Vintage blue marbles
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Burrow Marbles - Nowadays iris or losses minds were further with a similar glaze. Heavenly Leighton marbles contain op, the invention of which is often did to Leighton, though some Chinese girls with oxblood predating Leighton's dreamland have been lucky.
Corkscrews - Marbles with 2 or more colors in spriral designs. In corkscrews, the spirals rotate around the marble from one pole to the other, but they do not meet. Glassies or Puries - Clear, brightly colored glass marbles.
Immies - glass marbles streaked with color so they look as if they were made of real aggate. Immie is short for immitation. Milkies - opaque, milky white marbles. Onion Skins - End of day marbles in which colored flecks of glass are stretched so that the core has may swirls, resembling an onion.
Opaque smelling pieces — less developed than colored glass looks, pretty common mqrbles are very with lines, museums and swirls on her surfaces. Blocking Skins - End of day kinds in which took stamina of glass are bad so that the persistent has may edits, resembling an active. The latter should not be revolted with Intense Slags, which also have much pontils.
mrbles Rare Marbles Antique Commies are still VVintage common. They are still inexpensive and within reach of the average marble collector. Mabrles Marbles Vintage blue marbles Most blje or stoneware marbles were brown with Vintqge blue glaze. Marblea are called Benningtons because their glaze resembles that of the brown and blue glazed Bennington ware pottery produced in Bennington Vermont during the marblex century. Antique cane-cut glass marbles - though some speculate that glass spheres produced near ancient Rome were used as marbles, the earliest glass toy marbles were made in Germany in the middle of the nineteenth century.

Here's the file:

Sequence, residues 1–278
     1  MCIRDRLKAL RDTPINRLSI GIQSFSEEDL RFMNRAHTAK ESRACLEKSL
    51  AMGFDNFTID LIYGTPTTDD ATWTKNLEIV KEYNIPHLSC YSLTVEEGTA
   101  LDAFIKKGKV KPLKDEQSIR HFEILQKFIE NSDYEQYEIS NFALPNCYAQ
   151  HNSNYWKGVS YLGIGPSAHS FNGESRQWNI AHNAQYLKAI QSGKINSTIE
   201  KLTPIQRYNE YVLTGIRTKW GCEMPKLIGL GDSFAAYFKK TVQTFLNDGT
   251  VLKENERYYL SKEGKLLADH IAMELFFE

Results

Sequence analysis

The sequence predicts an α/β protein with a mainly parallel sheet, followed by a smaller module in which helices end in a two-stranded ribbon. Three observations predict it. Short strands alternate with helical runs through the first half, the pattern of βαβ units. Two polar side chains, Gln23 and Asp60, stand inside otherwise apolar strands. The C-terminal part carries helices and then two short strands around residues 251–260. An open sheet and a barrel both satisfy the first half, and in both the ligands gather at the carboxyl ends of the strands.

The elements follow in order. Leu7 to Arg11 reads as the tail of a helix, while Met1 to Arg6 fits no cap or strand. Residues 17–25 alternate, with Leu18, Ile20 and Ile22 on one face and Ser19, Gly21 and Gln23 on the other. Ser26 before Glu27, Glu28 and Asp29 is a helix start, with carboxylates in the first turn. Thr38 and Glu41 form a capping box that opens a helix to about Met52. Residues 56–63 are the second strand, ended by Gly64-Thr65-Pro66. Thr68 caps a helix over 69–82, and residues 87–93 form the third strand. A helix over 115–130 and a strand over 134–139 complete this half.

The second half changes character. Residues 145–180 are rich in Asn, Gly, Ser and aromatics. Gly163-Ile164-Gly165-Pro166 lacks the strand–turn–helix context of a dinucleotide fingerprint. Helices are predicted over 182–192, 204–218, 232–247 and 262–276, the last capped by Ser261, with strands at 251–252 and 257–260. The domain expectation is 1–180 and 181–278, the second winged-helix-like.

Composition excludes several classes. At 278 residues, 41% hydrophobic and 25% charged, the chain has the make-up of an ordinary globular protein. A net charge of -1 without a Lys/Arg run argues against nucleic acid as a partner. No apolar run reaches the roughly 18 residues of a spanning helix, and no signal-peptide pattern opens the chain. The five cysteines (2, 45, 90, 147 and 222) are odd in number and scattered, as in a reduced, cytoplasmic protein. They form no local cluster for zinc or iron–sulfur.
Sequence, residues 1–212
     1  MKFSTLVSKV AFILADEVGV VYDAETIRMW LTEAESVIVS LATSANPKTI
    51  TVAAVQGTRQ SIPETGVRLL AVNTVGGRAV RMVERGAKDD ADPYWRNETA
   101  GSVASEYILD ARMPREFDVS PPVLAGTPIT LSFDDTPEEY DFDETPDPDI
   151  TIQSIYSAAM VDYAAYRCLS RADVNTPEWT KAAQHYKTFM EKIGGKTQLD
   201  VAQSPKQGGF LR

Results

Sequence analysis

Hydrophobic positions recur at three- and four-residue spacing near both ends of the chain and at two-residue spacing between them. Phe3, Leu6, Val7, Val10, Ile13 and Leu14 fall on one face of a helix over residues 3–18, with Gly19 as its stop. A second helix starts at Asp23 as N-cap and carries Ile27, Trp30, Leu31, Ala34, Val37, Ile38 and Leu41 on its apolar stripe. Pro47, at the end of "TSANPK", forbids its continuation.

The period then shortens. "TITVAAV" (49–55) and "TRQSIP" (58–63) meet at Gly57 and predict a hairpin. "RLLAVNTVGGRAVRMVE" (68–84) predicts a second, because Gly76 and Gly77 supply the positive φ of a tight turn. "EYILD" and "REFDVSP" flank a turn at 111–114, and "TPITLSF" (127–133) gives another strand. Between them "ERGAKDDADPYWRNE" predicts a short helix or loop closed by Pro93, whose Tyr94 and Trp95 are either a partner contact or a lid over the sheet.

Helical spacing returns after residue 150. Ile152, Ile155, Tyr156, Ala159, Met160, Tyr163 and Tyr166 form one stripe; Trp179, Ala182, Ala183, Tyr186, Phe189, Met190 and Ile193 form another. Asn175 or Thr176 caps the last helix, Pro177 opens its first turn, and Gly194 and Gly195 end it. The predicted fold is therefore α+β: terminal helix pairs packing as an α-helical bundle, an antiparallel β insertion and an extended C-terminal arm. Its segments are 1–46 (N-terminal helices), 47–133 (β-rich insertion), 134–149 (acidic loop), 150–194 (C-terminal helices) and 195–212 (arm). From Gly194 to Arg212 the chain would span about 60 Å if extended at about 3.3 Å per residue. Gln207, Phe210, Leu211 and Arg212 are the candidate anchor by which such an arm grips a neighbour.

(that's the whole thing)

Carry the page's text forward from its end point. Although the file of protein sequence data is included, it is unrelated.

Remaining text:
Ina glassworker in the town of lausche invented the marbelschere, or marble scissors, a tool that rounded a marble in one step. Divided core and Ribbon core — These two closely related swirls make up about 20 percent of antique swirls. Both have ribbons of color near the center which spiral from end to end. Aventurine, a yellow glass containing small copper crystals, give lutz marbles their phosphorescent brilliance. Lutzes are the crown jewels of marble collecting and are prized for their beauty and rarity. Colored glass coreless swirls — it was not possible to use colored glass ribbons with a colored glass marble since their interior colors wouldn't be seen, or if they were visible their colors would be muddy or unclear.
As a result, colored glass marbles were coreless and were decorated with either bands or swirls of white near the surface, or color applied to the surface. Clam broths — also known as clams, these are amongst most popular of collectible marbles. They take their name from the chowder white opaque glass from with they are made. They characteristically have many thin outer swirl lines of contrasting color running from pontil to pontil. Gooseberries — gooseberries are an example of a colored glass marble. They have numerous thin white threats distributed evenly around the surface of the marble.
Opaque glass swirls — less translucent than colored glass swirls, opaque glass swirls are decorated with lines, bands and swirls on their surfaces.
Indian Swirls — also known as indians, these opaque are made of black glass with outer bands of colored glass. They were named by authors of a marble book mabrles mistakenly claimed that the marbles came from India. Vintagge - could be handmade or machine made. The handmade ones have bands or strands running from end to end. Steelies - ball bearings used as marbles. Many ball bearings are used for industrial purposes. Peppermint swirls — these popular red, white and blue swirls were made around to commemorate the American centennial. Although designs vary, each marble was fashioned from a clear core of glass surrounded by a thin layer of white glass decorated with blue bands and red stripes.
The most valued peppermints are sometimes called flags. Onionskins — Although this cane-cut swirl usually has at its center a clear glass core, it appears solidly colored because the clear core is covered by a thin layer of opaque color and then covered again by a thin layer of clear glass. Extremely popular and highly prized, onionskins take their name from the layering of glass, like layers of an onion. The base color, usually white or yellow, was applied by rolling clear glass marble in powdered glass. Accent colors were added by rolling the heated piece over fragments of crashed glass, creating the speckled effect.